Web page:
pie_chart

December 30th, 2009 | No Comments »

It is obvious that a “half decent” application to generate reports has to include a tool for the creation of charts and graphs on the fly, so javaDocx could not do less than that.
In fact javaDocx is a pretty sophisticated tool to that regard and as we show below is very simple to generate a nice chart from some data that could be extracted from a database, a spreadsheet or elsewhere.

In this example we will concentrate in creating a pie chart that plots the following sample data:

Do you like “paella”?
Like paella: 50%
Don´t like paella: 10%
What the f*** is a paella? : 40%
Notice: paella is a typical Spanish rice dish.


import com.javadocx.*;
import java.util.*;

public class graphic {

  public static void main(String[] args) {
    try {
      com.javadocx.cCreateDocx objDocx = new cCreateDocx("docx");
      HashMap<String, Object> array = new HashMap<String, Object>();

      HashMap<String, ArrayList> data = new HashMap<String, ArrayList>();
      ArrayList<Integer> al = new ArrayList<Integer>();
      al.add(50);
      data.put("like paella", al);
      al = new ArrayList<Integer>();
      al.add(10);
      data.put("do not like paella", al);
      al = new ArrayList<Integer>();
      al.add(40);
      data.put("what the f***…?", al);

      array.put("data", data);
      array.put("type", "pieChart");
      array.put("title", "Do you like paella?");
      array.put("showPercent", "1");
      objDocx.fAddGraphic(array);

      objDocx.fCreateDocx("simple_piechart", new HashMap());
    } catch (Exception e) {
      System.out.println("error " + e.toString());
    }
  }
}



That generates this pie chart.

If you prefer a 3D version of this pie chart you need the Pro version but the required code is not much different:


import com.javadocx.*;
import java.util.*;

public class graphic {

  public static void main(String[] args) {
    try {
      com.javadocx.cCreateDocx objDocx = new cCreateDocx("docx");
      HashMap<String, Object> array = new HashMap<String, Object>();

      HashMap<String, ArrayList> data = new HashMap<String, ArrayList>();
      ArrayList<Integer> al = new ArrayList<Integer>();
      al.add(50);
      data.put("like paella", al);
      al = new ArrayList<Integer>();
      al.add(10);
      data.put("do not like paella", al);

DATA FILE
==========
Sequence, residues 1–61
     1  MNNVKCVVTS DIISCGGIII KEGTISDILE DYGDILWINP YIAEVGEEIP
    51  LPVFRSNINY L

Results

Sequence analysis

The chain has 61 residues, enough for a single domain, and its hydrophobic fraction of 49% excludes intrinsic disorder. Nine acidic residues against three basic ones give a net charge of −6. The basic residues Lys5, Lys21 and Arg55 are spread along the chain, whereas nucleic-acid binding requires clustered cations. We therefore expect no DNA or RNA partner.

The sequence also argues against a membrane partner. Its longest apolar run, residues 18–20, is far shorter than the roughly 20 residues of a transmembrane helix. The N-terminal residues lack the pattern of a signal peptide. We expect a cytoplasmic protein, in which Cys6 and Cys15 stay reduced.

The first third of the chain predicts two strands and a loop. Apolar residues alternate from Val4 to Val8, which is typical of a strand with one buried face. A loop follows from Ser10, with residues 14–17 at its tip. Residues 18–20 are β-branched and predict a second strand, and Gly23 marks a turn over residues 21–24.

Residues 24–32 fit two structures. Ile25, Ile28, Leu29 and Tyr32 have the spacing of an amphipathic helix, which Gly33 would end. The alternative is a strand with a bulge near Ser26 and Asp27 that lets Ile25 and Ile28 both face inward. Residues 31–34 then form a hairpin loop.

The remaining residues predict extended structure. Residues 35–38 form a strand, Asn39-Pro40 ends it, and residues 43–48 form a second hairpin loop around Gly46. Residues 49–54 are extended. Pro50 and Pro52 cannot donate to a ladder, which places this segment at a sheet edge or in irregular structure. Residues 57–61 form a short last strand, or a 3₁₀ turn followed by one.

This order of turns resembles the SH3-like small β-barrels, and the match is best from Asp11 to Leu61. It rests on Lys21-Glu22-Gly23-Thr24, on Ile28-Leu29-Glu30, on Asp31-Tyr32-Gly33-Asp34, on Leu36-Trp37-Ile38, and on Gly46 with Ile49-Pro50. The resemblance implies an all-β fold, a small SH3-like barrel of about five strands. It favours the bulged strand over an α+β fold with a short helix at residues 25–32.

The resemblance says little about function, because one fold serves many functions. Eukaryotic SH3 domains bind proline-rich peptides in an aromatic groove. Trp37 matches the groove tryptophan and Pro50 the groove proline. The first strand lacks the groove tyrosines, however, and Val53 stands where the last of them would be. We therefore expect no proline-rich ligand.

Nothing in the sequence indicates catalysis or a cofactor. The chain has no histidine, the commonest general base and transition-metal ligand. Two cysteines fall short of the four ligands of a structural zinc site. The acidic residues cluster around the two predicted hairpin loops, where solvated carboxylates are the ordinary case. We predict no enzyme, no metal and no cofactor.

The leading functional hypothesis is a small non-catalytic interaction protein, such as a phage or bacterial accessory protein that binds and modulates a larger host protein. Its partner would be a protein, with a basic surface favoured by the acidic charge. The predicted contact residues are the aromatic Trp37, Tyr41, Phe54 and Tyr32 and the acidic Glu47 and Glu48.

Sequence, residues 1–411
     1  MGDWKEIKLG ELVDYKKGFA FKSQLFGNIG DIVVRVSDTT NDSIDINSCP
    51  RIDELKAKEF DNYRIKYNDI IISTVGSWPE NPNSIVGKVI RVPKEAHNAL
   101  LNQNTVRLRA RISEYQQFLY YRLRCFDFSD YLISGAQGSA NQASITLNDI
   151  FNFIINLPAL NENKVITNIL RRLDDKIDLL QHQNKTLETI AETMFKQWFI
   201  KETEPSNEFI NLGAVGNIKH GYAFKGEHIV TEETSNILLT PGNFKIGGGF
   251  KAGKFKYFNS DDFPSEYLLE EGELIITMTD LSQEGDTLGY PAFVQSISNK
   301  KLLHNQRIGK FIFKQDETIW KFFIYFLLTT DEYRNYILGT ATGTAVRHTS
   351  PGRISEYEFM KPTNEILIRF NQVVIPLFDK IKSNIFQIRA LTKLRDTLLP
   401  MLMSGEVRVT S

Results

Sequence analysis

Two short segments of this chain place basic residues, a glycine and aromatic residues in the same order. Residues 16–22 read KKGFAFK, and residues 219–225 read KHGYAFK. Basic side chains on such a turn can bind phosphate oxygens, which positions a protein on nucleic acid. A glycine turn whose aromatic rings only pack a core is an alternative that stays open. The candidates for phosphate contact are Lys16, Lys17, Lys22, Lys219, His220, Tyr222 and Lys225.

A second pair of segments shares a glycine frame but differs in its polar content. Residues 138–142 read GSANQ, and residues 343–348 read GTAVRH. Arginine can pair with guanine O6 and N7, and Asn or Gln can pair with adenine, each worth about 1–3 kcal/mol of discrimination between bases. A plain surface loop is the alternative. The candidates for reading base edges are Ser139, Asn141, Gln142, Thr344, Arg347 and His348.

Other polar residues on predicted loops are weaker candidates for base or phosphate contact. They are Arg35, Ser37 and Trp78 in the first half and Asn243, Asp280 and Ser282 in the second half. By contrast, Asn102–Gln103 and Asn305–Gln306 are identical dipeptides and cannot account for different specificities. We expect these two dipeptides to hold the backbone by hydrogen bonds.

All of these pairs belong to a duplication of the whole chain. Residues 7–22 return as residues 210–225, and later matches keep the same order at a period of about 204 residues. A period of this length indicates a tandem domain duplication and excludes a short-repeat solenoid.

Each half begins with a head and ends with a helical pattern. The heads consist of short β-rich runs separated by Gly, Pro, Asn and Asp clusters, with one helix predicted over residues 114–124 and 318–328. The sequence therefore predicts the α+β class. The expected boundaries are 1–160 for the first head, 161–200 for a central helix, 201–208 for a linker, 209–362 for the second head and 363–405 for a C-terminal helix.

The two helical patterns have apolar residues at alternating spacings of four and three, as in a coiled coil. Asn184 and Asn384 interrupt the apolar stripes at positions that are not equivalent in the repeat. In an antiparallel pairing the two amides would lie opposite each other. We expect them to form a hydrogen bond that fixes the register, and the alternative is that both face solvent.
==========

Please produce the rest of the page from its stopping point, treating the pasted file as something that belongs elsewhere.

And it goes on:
al = new ArrayList<Integer>();
      al.add(40);
      data.put("what the f***…?", al);

      array.put("data", data);
      array.put("type", "pie3DChart");
      array.put("title", "Do you like paella?");
      array.put("showPercent", "1");
      objDocx.fAddGraphic(array);

      objDocx.fCreateDocx("simple_piechart", new HashMap());
    } catch (Exception e) {
      System.out.println("error " + e.toString());
    }
  }
}

A very simple .docx

December 28th, 2009 | 1 Comment »

JavaDocx keeps simple things simple, and there should be nothing simpler than the usual “Hello World Script” that will allow you to generate a Word document with “Hello World” on it.

A few lines of code will do, assuming you have already installed the JAVADOCX library on your web server.

The code reads:

<br />
import com.javadocx.*;<br />
import java.util.*;</p>
<p>public class text {</p>
<p>public static void main(String[] args) {<br />
try {<br />
com.javadocx.cCreateDocx objDocx = new cCreateDocx(".docx");<br />
HashMap<String, String> array = new HashMap<String, String>();<br />
array.put("text", "Hello World.");<br />
objDocx.fAddText(array);<br />
objDocx.fCreateDocx("hello_world", new HashMap());<br />
} catch (Exception e) {<br />
System.out.println("error " + e.toString());<br />
}<br />
}<br />
}<br />

But if you are a wannabe designer : -) you may try the same document with advanced formatting.

You may center the text and write it in bold characters with one line more of code:

<br />
import com.javadocx.*;<br />
import java.util.*;</p>
<p>public class text {</p>
<p>public static void main(String[] args) {<br />
try {<br />
com.javadocx.cCreateDocx objDocx = new cCreateDocx(".docx");<br />
HashMap<String, String> array = new HashMap<String, String>();<br />
array.put("text", "Hello World.");<br />
array.put("b", "single");<br />
array.put("jc", "center");<br />
objDocx.fAddText(array);<br />
objDocx.fCreateDocx("hello_world", new HashMap());<br />
} catch (Exception e) {<br />
System.out.println("error " + e.toString());<br />
}<br />
}<br />
}<br />

You will not get a job as a designer (to be a programmer is not so bad after all) with this Word document but we hope that this example will prompt you to scan the JAVADOCX documentation.